Dawnseed: A pleasant little Zelda tribute with a rather clever turnaround - after a certain point, your control shifts from the protagonist to the enemies, leaving you having to counter attacks and abilities you had very recently been relying upon. The story becomes an appealingly dark reversal of the standard lone hero situation. It's just that the inclusion of the assigned theme of "Light" was tenuous at best. I wonder if they were going to call it Darkseed until they realized there's already a game by that name, and that they couldn't compete with its moustache.
Soledad: A genuinely touching story vignette about a woman's relationship with her father throughout her life, but I'm basically a Borg and refuse to let my emotions influence me at all. The gameplay is traditional adventure game-y in that its main purpose is just to briefly delay you on the way through a linear story. Good story, mind.
Hamal: Like Cheese and Punishment, Hamal is kind of done with once you figure out the one twist to the Simon-like gameplay, but it's presented well. Also like with Cheese and Punishment it's always impressive and a little surprising when a 48-hour game is in full 3D. Taking that option feels like holding a big sign over your head reading "Headaches This Way Please".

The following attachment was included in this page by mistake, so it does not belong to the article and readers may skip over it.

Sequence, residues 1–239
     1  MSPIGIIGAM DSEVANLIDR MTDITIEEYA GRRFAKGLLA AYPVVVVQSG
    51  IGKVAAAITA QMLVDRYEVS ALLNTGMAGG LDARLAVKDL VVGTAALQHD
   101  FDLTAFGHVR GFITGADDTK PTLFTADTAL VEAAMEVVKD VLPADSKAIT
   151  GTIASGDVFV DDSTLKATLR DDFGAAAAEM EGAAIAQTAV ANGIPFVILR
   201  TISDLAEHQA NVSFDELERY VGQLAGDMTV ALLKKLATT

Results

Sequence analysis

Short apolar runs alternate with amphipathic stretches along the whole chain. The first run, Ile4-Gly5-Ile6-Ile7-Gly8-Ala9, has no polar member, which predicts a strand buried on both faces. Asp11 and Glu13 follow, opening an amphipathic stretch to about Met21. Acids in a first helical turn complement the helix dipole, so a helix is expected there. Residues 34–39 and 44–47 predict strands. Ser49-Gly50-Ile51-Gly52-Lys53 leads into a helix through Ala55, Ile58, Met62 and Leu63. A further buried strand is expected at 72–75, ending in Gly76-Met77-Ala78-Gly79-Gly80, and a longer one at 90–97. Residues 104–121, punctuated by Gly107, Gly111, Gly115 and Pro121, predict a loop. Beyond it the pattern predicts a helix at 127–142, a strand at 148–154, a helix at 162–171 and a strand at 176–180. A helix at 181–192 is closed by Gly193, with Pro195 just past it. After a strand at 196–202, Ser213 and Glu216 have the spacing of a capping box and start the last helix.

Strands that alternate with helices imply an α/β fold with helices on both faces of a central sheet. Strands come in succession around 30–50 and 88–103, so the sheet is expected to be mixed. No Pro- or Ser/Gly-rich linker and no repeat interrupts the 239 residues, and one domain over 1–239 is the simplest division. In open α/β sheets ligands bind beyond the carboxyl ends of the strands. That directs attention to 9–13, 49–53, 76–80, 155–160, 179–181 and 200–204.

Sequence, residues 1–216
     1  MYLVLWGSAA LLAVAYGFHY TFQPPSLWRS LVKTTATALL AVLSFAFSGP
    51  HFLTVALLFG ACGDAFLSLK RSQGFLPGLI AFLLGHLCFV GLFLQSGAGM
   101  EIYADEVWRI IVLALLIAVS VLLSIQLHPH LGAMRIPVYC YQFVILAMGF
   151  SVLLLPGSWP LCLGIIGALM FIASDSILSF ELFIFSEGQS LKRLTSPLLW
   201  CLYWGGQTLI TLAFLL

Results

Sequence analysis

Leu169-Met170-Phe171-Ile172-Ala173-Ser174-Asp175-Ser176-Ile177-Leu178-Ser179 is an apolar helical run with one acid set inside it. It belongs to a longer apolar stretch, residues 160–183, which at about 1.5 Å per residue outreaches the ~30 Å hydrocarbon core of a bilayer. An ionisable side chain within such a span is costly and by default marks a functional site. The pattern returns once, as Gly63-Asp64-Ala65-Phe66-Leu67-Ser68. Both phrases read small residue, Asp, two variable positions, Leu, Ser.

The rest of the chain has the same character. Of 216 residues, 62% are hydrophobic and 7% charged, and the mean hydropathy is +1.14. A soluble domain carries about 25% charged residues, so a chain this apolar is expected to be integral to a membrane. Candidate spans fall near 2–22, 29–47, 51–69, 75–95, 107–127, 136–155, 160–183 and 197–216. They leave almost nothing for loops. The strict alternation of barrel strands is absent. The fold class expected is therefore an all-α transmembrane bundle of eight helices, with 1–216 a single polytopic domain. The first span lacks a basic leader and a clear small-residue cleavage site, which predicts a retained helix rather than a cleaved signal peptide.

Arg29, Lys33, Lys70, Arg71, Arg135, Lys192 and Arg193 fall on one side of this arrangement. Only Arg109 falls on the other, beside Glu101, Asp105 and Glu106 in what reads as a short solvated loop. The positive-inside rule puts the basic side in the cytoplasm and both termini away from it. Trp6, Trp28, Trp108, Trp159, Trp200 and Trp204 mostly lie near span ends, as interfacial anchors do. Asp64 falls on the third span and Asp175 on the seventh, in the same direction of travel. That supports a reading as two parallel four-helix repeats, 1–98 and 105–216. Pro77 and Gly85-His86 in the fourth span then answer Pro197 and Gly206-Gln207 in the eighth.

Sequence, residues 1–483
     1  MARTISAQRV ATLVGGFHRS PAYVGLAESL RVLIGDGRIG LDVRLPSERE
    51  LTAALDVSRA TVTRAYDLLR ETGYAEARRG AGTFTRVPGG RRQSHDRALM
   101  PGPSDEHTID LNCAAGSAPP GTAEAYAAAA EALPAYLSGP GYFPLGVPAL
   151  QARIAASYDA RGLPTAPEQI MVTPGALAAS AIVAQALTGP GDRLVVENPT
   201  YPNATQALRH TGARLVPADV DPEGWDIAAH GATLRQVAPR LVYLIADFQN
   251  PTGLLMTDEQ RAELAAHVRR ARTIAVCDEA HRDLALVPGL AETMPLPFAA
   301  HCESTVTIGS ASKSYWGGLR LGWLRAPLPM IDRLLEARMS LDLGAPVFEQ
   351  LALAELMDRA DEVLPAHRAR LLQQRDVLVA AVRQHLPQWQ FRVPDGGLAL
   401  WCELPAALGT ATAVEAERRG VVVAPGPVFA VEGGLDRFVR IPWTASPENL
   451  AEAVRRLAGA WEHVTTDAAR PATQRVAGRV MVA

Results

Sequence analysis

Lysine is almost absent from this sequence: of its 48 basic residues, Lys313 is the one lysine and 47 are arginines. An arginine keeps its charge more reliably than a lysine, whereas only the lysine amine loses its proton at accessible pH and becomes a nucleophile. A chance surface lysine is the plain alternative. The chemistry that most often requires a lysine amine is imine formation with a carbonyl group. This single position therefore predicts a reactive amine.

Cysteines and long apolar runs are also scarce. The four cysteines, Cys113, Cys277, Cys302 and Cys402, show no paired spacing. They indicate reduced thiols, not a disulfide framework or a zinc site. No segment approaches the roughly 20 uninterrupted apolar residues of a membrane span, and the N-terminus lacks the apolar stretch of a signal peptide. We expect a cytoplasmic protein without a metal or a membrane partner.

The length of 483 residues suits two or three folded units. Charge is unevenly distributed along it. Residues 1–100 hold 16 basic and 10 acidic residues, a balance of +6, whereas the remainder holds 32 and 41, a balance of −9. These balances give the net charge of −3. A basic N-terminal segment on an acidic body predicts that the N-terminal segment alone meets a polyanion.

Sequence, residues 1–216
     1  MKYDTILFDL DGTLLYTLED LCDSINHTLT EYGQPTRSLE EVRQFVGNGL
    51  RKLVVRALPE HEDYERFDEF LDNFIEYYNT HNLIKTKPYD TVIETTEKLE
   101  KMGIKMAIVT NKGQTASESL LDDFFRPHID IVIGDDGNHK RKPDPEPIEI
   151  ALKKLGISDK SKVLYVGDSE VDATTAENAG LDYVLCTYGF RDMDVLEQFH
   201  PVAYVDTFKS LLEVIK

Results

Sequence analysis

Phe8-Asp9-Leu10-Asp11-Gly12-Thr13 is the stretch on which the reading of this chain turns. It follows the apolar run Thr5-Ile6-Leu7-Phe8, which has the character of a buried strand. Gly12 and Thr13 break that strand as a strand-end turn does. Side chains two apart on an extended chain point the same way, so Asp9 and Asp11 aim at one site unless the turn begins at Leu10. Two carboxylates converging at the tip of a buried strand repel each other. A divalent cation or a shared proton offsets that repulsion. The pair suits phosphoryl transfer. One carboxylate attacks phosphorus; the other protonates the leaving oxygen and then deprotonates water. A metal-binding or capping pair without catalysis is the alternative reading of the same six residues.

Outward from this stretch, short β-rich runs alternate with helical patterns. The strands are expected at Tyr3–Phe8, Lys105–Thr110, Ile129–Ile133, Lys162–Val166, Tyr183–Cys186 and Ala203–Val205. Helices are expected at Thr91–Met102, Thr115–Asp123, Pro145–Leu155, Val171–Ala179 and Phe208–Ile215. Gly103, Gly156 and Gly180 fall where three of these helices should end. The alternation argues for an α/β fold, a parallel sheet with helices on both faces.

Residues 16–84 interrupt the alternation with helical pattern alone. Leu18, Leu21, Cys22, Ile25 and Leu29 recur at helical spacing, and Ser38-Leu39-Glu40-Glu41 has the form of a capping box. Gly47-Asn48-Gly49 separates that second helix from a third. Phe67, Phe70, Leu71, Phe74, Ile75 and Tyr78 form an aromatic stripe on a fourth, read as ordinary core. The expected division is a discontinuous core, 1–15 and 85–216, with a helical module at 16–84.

The Garbage Collector: This is where my little anally retentive sphincter tightens, because as efficient as the three-tier scrolling shooter gameplay is, the theme ("Zealotry") and element ("Garbage") don't seem to be acknowledged anywhere but in the accompanying text blurb. I appreciate that some themes were easier to incorporate than others, but we must have rules, or where are we? On fire. That's where we are.
Caesar's Day Off: As with Soledad I couldn't in good conscious consider this one for a prize intended for a game, because it's not much more than an interactive cartoon. But for the record, it did make me laugh, and I'm impressed by it as a humorist if not as a game critic. We didn't have a prize for that, but, you know. Thanks.
Gnoming Around: A strong contender, this. The 2D animation was excellent and the light-based gameplay in which you must balance visibility with influencing the state of certain platforms was innovative and made good use of the random theme ("Light" again). Shame there was only one prize. As it stands I guess everything in this list won joint second place.
Spin Cycle: As I understand it this was the winner of the popular vote, and I can see why, because Super Meat Boy was a very popular game, wasn't it. Oh, but I kid. The addition of spinning grappling hook movement does add another level to the easy-to-learn, hard-to-master nature of the platforming. But the assigned element of "Submarine" appears only once on a billboard, and that just feels like Spin Cycle wasn't taking this seriously enough.
So, congratulations again to Protein Pirates, and also congratulations to everyone who actually kept themselves sane long enough over forty-eight hours to put out something playable. That's a great skill to have. And the satisfaction of knowing you pulled it off should be all the prize you need. NaNoWriMo doesn't have a prize at all. Even if you did finish a week early, not that I'm bitter.
Yahtzee is a British-born, currently Australian-based writer and gamer with a sweet hat and a chip on his shoulder. When he isn't talking very fast into a headset mic he also designs freeware adventure games. His personal site is www.fullyramblomatic.com.